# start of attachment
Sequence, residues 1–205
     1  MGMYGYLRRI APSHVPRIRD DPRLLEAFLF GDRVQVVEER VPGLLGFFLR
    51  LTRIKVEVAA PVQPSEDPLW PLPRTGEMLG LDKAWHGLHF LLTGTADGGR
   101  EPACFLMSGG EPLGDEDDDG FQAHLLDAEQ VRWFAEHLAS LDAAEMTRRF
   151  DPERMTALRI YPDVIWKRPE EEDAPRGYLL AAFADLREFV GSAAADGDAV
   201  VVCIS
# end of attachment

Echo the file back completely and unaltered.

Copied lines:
Sequence, residues 1–205
     1  MGMYGYLRRI APSHVPRIRD DPRLLEAFLF GDRVQVVEER VPGLLGFFLR
    51  LTRIKVEVAA PVQPSEDPLW PLPRTGEMLG LDKAWHGLHF LLTGTADGGR
   101  EPACFLMSGG EPLGDEDDDG FQAHLLDAEQ VRWFAEHLAS LDAAEMTRRF
   151  DPERMTALRI YPDVIWKRPE EEDAPRGYLL AAFADLREFV GSAAADGDAV
   201  VVCIS